Centred around the theme of ‘Celebrating Rural Transport’, the Brunswick Agricultural Show attracted record crowds last Saturday and raised over $25,000 for Solaris Cancer Care.
Organised by the Brunswick Agricultural Society, the historic show is Australia’s largest one-day show.
It’s been running since 1931 – though plans were thrown into chaos last year when it had to be cancelled due to Covid. The only other time the event hasn’t run was for a few year during the 1940s due to WWI.
And there were fears Mother Nature could put a spanner in the works this time around, but thankfully that wasn’t the case. In the week leading up to the show, the area had 60mm of rain, which flooded the oval which is used to host the event.
“We had our challenges but I’m a big believer in karma and by Thursday, the sun came up, Friday was a beautiful day and then Saturday was the most magnificent day we’ve for a show – and the crowd came out and supported us,” said President of the Brunswick Agricultural society, Mark Talbot, who was also behind this year’s rural transport theme. “Everything went even better than planned.”
Talbot, 57, has been part of the Agricultural Society for over 30 years and is currently in his second term as president. “I’ve been to every show – I was in a pram when I went to my first one,” he said.
He’s also a beef farmer and a livestock transport operator. This year his company Wedderburn Transport is celebrating 25 years.
This year, the Brunswick Show had a Transport Hub that featured video
took visitors on a journey through the transport presentations of trucks working in rural WA, the promotion of careers in transport, and a display of transport through the ages. The display started with a working horse and cart, through to a 1912 Ford Model T, a 1927 Chevrolet truck and up to the present day with the latest pocket road train tippers and the latest C-train livestock combinations.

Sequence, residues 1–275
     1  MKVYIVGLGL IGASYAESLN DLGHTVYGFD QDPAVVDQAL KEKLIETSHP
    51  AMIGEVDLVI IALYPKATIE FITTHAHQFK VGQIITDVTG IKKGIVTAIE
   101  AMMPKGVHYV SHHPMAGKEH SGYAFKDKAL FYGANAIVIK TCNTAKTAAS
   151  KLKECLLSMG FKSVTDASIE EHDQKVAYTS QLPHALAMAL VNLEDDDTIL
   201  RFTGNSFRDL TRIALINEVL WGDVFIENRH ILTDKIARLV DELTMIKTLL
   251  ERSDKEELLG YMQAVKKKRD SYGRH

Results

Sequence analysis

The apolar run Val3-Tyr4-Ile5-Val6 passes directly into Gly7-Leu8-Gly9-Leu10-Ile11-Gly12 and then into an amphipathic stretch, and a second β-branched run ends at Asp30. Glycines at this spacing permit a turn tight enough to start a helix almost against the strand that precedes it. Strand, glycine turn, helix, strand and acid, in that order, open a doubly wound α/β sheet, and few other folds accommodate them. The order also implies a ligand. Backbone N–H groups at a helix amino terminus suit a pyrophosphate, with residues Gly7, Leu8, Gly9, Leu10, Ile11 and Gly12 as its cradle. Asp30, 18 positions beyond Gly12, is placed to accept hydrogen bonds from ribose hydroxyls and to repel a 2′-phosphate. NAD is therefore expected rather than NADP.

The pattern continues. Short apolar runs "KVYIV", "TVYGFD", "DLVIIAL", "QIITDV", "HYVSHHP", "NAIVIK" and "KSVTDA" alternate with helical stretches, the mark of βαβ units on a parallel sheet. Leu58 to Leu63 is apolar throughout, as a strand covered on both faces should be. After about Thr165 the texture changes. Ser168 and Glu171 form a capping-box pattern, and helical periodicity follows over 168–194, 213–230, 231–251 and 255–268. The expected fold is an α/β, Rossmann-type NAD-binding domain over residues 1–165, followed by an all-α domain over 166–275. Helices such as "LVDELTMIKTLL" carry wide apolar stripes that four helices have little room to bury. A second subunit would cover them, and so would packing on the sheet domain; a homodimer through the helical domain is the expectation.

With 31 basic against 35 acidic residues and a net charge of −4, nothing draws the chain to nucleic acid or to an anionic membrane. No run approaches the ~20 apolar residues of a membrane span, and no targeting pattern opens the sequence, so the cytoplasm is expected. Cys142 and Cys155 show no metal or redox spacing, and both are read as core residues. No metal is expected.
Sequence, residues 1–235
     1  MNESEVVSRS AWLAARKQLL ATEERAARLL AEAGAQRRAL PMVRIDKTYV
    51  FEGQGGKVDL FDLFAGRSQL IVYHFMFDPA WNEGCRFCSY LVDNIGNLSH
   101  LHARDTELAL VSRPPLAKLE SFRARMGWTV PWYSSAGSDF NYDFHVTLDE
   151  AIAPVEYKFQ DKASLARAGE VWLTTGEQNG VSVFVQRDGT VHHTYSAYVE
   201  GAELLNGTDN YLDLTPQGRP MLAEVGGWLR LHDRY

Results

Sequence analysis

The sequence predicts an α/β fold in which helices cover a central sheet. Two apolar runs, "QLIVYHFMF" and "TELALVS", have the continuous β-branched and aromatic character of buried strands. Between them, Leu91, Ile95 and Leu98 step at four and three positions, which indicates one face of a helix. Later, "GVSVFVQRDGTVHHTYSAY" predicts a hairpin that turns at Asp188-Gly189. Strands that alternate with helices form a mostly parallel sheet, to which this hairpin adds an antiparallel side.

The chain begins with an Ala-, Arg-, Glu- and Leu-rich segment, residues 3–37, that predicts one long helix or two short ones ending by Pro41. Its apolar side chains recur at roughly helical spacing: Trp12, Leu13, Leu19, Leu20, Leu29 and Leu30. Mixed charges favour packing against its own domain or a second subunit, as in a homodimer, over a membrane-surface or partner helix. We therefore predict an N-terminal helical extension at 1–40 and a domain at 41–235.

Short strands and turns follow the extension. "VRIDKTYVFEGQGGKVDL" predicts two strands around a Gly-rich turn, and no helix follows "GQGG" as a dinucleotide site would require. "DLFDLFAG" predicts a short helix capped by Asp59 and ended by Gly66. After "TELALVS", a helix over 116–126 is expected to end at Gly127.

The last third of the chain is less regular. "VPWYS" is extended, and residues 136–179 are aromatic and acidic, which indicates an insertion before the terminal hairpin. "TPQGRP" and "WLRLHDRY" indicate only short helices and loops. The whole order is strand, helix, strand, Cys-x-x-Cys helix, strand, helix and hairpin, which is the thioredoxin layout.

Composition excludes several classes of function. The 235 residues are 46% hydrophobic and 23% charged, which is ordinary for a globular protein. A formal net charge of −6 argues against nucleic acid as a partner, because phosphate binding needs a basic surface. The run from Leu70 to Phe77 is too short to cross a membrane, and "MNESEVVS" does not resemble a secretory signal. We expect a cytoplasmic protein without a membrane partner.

Bunbury-based transport business MGM Group also had a pink 60-metre Ultra Quad Road Train side tipper combination on show, to help raise money and awareness for breast cancer. MGM Group was named Best Exhibitor at the show.
In support of National Breast Cancer Month, MGM contributed $11,500 to Solaris Cancer Care through a monetary donation and the purchase of a pink plastic life-size cow named Clarabelle.
Clarabelle was auctioned on the day and sold to MGM Group for $6500. The company also donated a further $10,000 to the National Breast Cancer Foundation.
Continuing with the rural transport theme, Yogi and Sludge from Outback Truckers were also at the event; and the group behind Mack Muster were there too.
In all, the one-day event attracted over 25,000 people.
“It really did bring everyone out,” said Talbot. “From my perspective as the president, I couldn’t be happier with everyone involved – the sponsors, those that brought equipment, everyone. It shows that we really are getting back to some sort of normality and reality. After having to cancel last year, is was a very heart-warming and humbling experience from my point of view to see it all come together.”